Tuesday, April 17, 2012


Media-Whore D'Oeuvres

”Turkey is re-emerging as a significant regional power. In some sense, it is in the process of returning to its position prior to World War I when it was the seat of the Ottoman Empire. But while the Ottoman parallel has superficial value in understanding the situation, it fails to take into account changes in how the global system and the region work. Therefore, to understand Turkish strategy, we need to understand the circumstances it finds itself in today. The end of World War I brought with it the end of the Ottoman Empire and the contraction of Turkish sovereignty to Asia Minor and a strip of land on the European side of the Bosporus. That contraction relieved Turkey of the overextended position it had tried to maintain as an empire stretching from the Arabian Peninsula to the Balkans .. a single thread connected both periods: the fear of Russia .. During the Cold War, Turkey was a strategic imperative of the United States. It faced the Soviets to the north and two Soviet clients, Syria and Iraq, to the south. Israel drew Syria away from Turkey. But this strategic logic dissolved in 1991 with the fall of the Soviet Union. By then, the union had fragmented. Russian power withdrew from the southern Caucasus and Balkans and uprisings in the northern Caucasus tied the Russian military down. Armenia, Georgia and Azerbaijan gained independence. Ukraine also became independent, making the status of the Russian Black Sea Fleet in Crimea unclear. For the first time since the early years of the Soviet Union, Turkey was freed from its fear of Russia. The defining element of Turkish foreign policy was gone, and with it, Turkish dependence on the United States. It took a while for the Turks and Americans to recognize the shift." (STRATFOR)

"In his classic essay Shooting an Elephant, George Orwell describes an experience he had as a colonial police officer in Burma. Under public pressure from a crowd of townspeople, he puts down an out-of-control elephant against his own wishes, describing it as the moment he 'first grasped the hollowness, the futility of the white man's dominion in the East.' As the people of the town debate the merits and legality of his actions, he wonders 'whether any of the others grasped that I had done it solely to avoid looking a fool.' It's tempting to wonder if any similarly penetrating insights or self-reflections have come to Spanish King Juan Carlos as he lies in the hospital, having injured his hip on an elephant shooting trip in Botswana that has ignited a firestorm of controversy. In addition to being about the least politically correct way to spend your vacation (was the baby seal-clubbing junket all booked up?) the optics of this were pretty terrible at a time when more than half of young Spaniards are out of work and Spanish banks are facing yet another downgrade. Plus, it turns out that the king -- who is Spain's official head of state -- didn't inform the government that he was leaving the country and might have used public funds in the process." (ForeignPolicy)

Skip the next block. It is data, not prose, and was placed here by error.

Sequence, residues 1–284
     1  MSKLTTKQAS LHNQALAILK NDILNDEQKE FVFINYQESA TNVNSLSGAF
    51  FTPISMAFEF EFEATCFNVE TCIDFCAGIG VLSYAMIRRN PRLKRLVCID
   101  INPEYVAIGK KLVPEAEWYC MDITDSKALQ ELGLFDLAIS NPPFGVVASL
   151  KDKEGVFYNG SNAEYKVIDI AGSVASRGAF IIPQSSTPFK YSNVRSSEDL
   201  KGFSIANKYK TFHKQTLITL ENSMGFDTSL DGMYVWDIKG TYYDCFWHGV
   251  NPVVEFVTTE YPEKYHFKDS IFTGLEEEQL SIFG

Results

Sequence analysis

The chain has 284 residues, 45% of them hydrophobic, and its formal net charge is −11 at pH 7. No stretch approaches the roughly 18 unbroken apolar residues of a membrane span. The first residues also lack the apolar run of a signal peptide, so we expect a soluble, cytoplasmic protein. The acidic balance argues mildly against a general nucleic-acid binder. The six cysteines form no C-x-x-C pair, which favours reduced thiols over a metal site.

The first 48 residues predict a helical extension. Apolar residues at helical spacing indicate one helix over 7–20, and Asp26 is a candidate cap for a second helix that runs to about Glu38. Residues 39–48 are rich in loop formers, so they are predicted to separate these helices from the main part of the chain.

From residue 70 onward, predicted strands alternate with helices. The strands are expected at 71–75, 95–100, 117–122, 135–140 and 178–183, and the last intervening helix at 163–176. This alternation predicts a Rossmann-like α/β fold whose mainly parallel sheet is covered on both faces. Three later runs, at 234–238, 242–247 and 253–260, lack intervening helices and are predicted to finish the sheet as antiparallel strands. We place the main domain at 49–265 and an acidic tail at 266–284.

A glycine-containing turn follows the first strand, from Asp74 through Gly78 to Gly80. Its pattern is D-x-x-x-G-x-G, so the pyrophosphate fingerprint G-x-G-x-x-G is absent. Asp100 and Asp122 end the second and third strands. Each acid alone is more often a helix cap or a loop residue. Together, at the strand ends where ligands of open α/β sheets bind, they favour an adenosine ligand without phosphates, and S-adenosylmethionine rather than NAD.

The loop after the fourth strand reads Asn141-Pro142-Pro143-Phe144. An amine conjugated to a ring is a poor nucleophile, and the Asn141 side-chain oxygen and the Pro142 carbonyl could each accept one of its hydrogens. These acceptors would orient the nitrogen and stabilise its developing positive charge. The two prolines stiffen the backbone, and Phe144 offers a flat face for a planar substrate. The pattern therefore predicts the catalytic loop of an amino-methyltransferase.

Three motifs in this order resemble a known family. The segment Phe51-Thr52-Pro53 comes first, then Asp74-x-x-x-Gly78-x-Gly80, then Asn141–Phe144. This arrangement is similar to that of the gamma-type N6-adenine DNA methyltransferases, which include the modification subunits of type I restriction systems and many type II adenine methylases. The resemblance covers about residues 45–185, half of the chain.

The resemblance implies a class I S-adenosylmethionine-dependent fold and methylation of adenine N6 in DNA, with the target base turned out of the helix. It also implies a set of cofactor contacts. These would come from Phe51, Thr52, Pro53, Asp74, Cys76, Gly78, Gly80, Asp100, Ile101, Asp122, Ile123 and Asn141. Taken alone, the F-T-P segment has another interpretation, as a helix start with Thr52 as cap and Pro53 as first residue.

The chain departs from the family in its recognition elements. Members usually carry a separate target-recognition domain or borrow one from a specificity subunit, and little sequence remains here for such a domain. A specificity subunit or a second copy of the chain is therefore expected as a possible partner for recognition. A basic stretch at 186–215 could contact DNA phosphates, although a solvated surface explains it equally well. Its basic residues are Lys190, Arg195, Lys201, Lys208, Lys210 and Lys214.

"Just when the Blue Dogs thought it couldn’t get any worse, it did. Two years after the 2010 midterm elections decimated their ranks, the coalition of conservative Democrats is poised to get pummeled again in November — moving the Blue Dogs dangerously close to extinction. Of the 24 remaining Blue Dogs, five are not seeking reelection. More than a half-dozen others are facing treacherous contests in which their reelection hopes are in jeopardy. It’s a rough time to occupy the right wing of the Democratic Party. 'It’s a tough environment out there,' said former Alabama Rep. Bud Cramer, a longtime member of the House Blue Dog Coalition. 'Their numbers are down. Redistricting has not been kind to them.' Cramer nailed it: Redistricting is at the root of the Blue Dog problem. The once-in-a-decade line-drawing has forced some of them to compete for seats that have become even less friendly to Democrats — and those seats weren’t very friendly to begin with. Utah Rep. Jim Matheson, Georgia Rep. John Barrow and North Carolina Rep. Mike McIntyre are among those who have been thrust into deeply Republican territory after being targeted in GOP-led redistricting efforts in their home states." (Poliico)

"And then, last night I missed the great interview Liz Smith had with Bette Midler at the ***** club (it’s one of those crusty private clubs that forbids the use of its name in print, a unique bearing of false modesty known only to those among the well-fixed, or previously well-fixed). I don’t know what Liz and Bette talked about but I do know those two girls could talk up a Broadway show, let alone a storm. Just the two of them. And I know Liz would be happy to break into song and dance anytime she was asked. Plus they both have stories – miles and miles and miles of ‘em and each better than the last. wasn’t there because my friend Elizabeth Stribling (Libba to her friends, families, followers) was receiving the Legion d’Honneur over at the French Consulate at 934 Fifth Avenue from the Ambassador of France to the United States, Francois Delattre. Libba is a Francophile par excellence. So is her husband Guy Robinson, and her daughter (also Elizabeth). As Elizabeth Stribling she is one of the most successful real estate brokers of the last 30 years in New York with three offices and 350 brokers and staff. As Libba, with Mr. Robinson, she has been very active in French restoration both here and there, and in promoting French/US relations, among other civic and charitable interests. The evening began with a (French) champagne reception at the Consulate, a great mansion built in the manner of a Roman palazzo, in 1926 by National City Bank (now Citi) president Charles Mitchell. It was acquired by the French in 1942. Libba and Guy Robinson have a lot of friends including many of whom share their love of France and all things French. Many were there last night to toast Libba." (NYSocialDiary)